The table below illustrates the relationship between the PCR_jitter of the conventional PCR_based approach of system clock recovery and the embedded transport rate information R(m) approach of this invention. Consider a transport stream with theoretical transport rate of 12.5 Mbps. The PCR values are carried as follows:
The packet receiver 406 receives MPEG packets 405 and extracts timestamp information 440 based on embedded transport rate information and packet count information. Specifically, the transport buffer 407 captures the packets in the transport stream and distributes the relevant bytes to the timing information extractor 410. The timing information extractor 410 detects the embedded transport rate information as well as the packet count information, and determines the encoder timestamp information 440 associated with the packets received. As discussed above, the packet transfer rate value can be embedded as user private data in the adaptation field 120 of the MPEG-2 packet. The packet count can also be embedded as user private data of the adaptation field 120 of the MPEG-2 packet.
The encoder timestamp information 440 is forwarded to the jitter calculator 415 which generates an error signal 445 based on the difference between the encoder timestamp 440 and the local timestamp obtained from the counter 430. For the counter 430 to have an accurate reading, the timing information extractor 410 initiates the counter 430 upon receipt of an initialization data string within the received data stream 405. The error signal 445 generated by the jitter calculator 415 is passed through a low pass filter to create a correction signal 450. The correction signal 450 is input to the voltage controlled oscillator 425 such that the frequency of the voltage controlled oscillator 425 is adjusted until it is synchronized to the encoder clock frequency. A sample of this output of the voltage controlled oscillator 425 is fed into the counter 430. The counter 430 and jitter calculator 415 can be referred to as a feedback loop 414 because timestamps based on the VCO output 455 are compared to the encoder timestamp information 440 that is extracted from the received packets so as to create the error signal 445. The error signal 445 is used to adjust the frequency of the VCO 425.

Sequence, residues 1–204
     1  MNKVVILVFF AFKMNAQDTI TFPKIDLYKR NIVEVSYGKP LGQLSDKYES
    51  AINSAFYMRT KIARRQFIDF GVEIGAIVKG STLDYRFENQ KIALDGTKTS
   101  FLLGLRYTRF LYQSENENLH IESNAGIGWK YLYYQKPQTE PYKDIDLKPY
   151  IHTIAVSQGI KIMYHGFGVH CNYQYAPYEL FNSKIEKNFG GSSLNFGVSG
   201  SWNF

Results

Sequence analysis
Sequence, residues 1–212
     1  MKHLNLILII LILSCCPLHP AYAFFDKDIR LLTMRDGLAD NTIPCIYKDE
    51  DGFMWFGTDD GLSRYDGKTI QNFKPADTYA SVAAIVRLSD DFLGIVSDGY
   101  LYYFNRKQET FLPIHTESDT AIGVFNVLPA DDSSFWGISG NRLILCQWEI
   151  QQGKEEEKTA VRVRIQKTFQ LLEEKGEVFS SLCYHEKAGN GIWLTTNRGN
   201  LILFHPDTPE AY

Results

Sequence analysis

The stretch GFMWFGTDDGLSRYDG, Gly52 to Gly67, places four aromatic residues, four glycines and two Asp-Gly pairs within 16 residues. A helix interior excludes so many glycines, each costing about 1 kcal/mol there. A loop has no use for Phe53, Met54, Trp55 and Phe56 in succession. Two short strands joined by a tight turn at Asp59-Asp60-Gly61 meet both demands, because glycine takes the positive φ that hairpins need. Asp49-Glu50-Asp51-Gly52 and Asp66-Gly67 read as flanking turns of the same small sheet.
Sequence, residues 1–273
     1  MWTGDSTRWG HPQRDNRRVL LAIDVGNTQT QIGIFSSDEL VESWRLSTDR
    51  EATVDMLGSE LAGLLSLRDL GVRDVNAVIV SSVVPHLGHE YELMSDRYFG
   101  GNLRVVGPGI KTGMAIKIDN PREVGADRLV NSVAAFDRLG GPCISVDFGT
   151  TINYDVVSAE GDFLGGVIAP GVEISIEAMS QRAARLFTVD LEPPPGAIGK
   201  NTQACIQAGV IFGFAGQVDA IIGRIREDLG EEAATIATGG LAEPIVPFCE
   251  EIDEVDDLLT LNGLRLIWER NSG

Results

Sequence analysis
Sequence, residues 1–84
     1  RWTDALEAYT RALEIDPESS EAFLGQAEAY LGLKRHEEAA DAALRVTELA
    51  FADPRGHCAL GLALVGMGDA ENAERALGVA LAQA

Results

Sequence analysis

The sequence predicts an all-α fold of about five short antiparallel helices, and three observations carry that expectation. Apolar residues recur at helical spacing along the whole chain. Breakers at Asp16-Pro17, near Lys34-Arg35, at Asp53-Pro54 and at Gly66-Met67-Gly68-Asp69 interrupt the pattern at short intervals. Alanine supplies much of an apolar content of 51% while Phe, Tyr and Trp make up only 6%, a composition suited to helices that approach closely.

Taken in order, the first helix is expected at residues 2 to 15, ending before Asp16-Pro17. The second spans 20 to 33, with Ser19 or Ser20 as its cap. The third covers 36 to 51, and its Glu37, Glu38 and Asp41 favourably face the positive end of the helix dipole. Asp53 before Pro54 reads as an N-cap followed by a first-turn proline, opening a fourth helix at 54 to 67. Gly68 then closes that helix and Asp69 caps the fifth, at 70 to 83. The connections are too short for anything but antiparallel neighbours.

As noted above, the display_time, time_offset, transport_rate and packet_count are extracted by the timing information extractor 410. During the initialization stage, display_time and time_offset are sent to the local counter 430. Transport_rate and packet_count are sent to the jitter calculator and are buffered together with the current system clock value. The jitter or error signal 445 is calculated based on the following items: previous_packet_count, previous_system_clock_value, current_packet_count, current_system_clock_value, and current_transport_rate. The resulting jitter or error signal 445 is low-pass filtered and used as control to the VCO to recover the system clock. An example formula to calculate the error signal 445, shown as e below, is provided as follows:
All data that are necessary to recover the system time clock in this invention are carried in the adaptation field as user private data. In circumstances where one MPEG-2 program contains both audio and video information, an embodiment of the current invention offers an efficiency in terms of clock recovery effort. Rather than having each individual audio and video information stream of a particular program carry its own clock recovery data, this redundancy can be avoided by placing a Time Recovery Descriptor into the first descriptor loop of the particular program's map table (PMT). The syntax and semantic definition of such a Time Recovery Descriptor is shown below:
As noted above, all data necessary to recover the system time clock in this invention is carried in adaptation field's user private data. The syntax and semantic definition of the Program Time Recovery Private Field is shown below. It should be noted that when the random_access_indicator is set to 1, the user_private_data_flag must also be set to 1.
Normally, the time delay between each random access unit is dependent upon the infrastructure, and can be as large as one to five seconds. However, to successfully guarantee the system clock update process, transport_rate and packet_count information have to be sent at least every 100 milliseconds. Accordingly, even in the absence of a random access unit, a time_recovery_private field must be carried to guarantee the integrity of the system clock update process. Therefore, a time_recovery_private field may be present even when the random_access_indicator flag is set to zero.
In certain infrastructures, PES packets are not required. Under these circumstances, PTS and DTS values are not created. However, the relationship between the display time of the initial access unit (either audio, video or data) is always fixed with respect to all succeeding access units once the information coding structure is known at the elementary stream level. Thus, the only values needed in order to properly display and synchronize the digitized information sources are the initial display_time and one initial value for the system time clock (STC). Once these initial values are known, the display time for all subsequent access units can be derived. Therefore, in an embodiment of the current invention, in the scenario where PES packets are not used, the display_time and time_offset of the initial STC will be transferred.